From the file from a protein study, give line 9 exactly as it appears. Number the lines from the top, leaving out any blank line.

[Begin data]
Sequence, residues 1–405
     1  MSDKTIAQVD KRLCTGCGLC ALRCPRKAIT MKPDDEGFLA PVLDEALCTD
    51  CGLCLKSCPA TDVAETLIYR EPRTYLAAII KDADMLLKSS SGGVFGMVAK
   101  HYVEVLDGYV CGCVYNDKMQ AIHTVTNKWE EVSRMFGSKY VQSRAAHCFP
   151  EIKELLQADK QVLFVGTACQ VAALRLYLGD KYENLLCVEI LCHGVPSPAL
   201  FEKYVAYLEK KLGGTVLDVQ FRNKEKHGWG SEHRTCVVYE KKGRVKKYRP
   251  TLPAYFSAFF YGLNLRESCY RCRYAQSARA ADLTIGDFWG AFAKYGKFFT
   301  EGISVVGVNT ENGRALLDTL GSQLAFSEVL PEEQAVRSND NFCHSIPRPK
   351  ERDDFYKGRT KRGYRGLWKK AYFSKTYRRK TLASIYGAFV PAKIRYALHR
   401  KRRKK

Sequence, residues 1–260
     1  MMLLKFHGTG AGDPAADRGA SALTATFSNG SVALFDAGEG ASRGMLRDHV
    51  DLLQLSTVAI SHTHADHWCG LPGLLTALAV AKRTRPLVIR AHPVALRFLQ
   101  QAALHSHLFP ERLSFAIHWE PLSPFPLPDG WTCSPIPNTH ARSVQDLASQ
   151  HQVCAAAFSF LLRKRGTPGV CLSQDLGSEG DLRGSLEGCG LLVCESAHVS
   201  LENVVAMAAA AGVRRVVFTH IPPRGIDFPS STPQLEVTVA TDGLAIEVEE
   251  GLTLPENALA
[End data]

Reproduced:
   351  ERDDFYKGRT KRGYRGLWKK AYFSKTYRRK TLASIYGAFV PAKIRYALHR